Wednesday, 5 April 2017

Oreo Limited Edition: Buy New cookies орео, inside only cream

Oreo fans worldwide simultaneously sighed with relief and cried out in disappointment when it was revealed that "All-Stuf Oreos" were simply a clever April Fools' Day prank from Twitter artist Adam Padilla. Reactions to the prank product, which claimed to be "just the creme" from traditional Oreos cookies, were mixed, from those who found the idea abhorrent.

Oreo Limited Edition

Every spring, the candy aisle comes into full bloom with chocolate bunnies, candy Easter eggs and, of course, marshmallow Peeps — a favorite that hasn't really changed since you were a kid. To keep the sugary marshmallows from getting stale, Peeps teamed up with Oreos for a special edition Peeps-flavored vanilla Oreo. Only there's kind of a big issue: Many people are posting that their tongue and saliva are still bright pink a day after eating the Peeps Oreo.

Every year, Oreo eaters around the world down 40 billion cream-and-wafer cookies. But a growing proportion of those Oreos are flavored with fruits, berries and considerably less natural-sounding ingredients, such as cookie dough, birthday cake and pink marshmallow Peeps.

As late as the 1970s, the creation of an Oreo with twice the usual amount of filling counted as a groundbreaking marketing decision, since the classic Oreo had more than 60 years of history behind it. Even now, producer Mondelez International doesn’t tend to tinker with the basic Oreo form. But the company claimed more grocery shelf space (and an abundance of fodder for its acclaimed social media streams) in the 2010s with a succession of nontraditional, “limited edition” Oreo varieties, such as pumpkin spice, red velvet, root beer float, Swedish fish and caramel apple.

An Oreo spokesman declined to respond to multiple messages seeking comment, so it’s not clear how sales of the newfangled cookies stack up against the iconic chocolate-and-vanilla combination. Nor has Oreo revealed which flavors are on its release schedule. “Oreo just loves to keep us on our toes,” sighed a Teen Vogue columnist in a February dispatch about potential forthcoming Oreo themes.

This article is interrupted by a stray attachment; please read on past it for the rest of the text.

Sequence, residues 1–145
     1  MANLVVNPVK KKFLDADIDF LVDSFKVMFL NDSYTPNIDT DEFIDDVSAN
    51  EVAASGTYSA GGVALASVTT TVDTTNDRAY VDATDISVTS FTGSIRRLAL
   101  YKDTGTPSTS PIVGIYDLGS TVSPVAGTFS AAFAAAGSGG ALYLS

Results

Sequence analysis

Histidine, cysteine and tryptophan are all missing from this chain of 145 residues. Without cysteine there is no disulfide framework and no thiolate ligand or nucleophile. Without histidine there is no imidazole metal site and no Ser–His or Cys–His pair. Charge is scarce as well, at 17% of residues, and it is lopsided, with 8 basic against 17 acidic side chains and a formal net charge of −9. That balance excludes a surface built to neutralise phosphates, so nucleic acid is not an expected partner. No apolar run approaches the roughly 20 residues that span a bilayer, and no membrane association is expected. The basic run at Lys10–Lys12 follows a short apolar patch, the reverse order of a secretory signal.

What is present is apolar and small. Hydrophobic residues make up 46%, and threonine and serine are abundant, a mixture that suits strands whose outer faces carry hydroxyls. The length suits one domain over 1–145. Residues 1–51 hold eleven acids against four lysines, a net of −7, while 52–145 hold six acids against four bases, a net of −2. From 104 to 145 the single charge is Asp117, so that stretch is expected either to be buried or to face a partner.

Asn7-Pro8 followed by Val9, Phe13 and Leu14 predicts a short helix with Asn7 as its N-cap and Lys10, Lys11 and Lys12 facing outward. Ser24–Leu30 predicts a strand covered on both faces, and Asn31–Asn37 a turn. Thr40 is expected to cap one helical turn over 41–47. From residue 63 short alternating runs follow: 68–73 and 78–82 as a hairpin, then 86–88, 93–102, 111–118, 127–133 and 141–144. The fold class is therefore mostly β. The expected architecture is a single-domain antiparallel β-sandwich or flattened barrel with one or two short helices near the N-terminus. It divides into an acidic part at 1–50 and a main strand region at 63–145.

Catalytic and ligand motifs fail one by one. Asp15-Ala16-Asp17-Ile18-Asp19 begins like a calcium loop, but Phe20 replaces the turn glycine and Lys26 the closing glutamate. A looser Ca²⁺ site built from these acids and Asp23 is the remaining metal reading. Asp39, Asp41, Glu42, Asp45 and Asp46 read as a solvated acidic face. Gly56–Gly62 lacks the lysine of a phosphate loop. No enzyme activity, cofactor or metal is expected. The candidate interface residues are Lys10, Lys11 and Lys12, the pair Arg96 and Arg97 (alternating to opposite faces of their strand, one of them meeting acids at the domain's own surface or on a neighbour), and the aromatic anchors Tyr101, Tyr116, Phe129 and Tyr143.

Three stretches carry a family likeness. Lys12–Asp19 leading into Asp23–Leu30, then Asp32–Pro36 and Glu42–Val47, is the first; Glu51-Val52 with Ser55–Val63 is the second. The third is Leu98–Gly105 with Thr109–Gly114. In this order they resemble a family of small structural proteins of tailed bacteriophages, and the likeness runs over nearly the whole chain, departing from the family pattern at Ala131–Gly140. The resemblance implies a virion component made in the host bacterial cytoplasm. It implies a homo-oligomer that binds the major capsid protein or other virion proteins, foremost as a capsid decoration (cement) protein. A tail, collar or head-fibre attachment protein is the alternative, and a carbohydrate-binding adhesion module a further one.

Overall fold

As the columnist’s lament suggests, people care deeply about Oreo flavors, and are inclined to compare their impressions on social media. In the case of Peeps Oreos, they’re also sharing their experiences with side effects, of which a stained tongue is the most palatable.

“Is it unsafe? Probably not,” Women’s Health reassured readers. “The cookies contain FD&C Red Number 3, which is an FDA-approved food coloring and has been known to temporarily dye your tongue.”

If nothing else, it provides an easy way for limited edition Oreo buffs to recognize each other: With talk of waffles-and-syrup Oreos on the horizon, they have plenty to discuss.

Waffle-and-syrup?” asks Hominy Grill’s pastry chef Christina Hagen. “What in the world? Why would you do that to a cookie? Ew.”

Hagen likes standard-issue Oreos so much that it’s the one type of cookie she’ll buy, rather than replicate in her home kitchen. “It’s a good crispy cookie with cream filling, and it’s dunkable,” she says.

Prior to being asked to weigh in on the phenomenon of Oreo novelties, Hagen hadn’t paid much attention to the increasing array of flavors at the supermarket. “I’m a purist,” she says. “I like a good straightforward dessert done well.”

If forced to choose a flavored Oreo, Hagen says she might try the one styled after gingerbread.

“I’m Cuban, so we love guava and cream cheese,” she adds. “So maybe if Oreo came up with a guava cream cheese filling, I could get behind that. But it’s mindboggling. Like, candy corn? Why? Jelly doughnut? It makes me giggle.”

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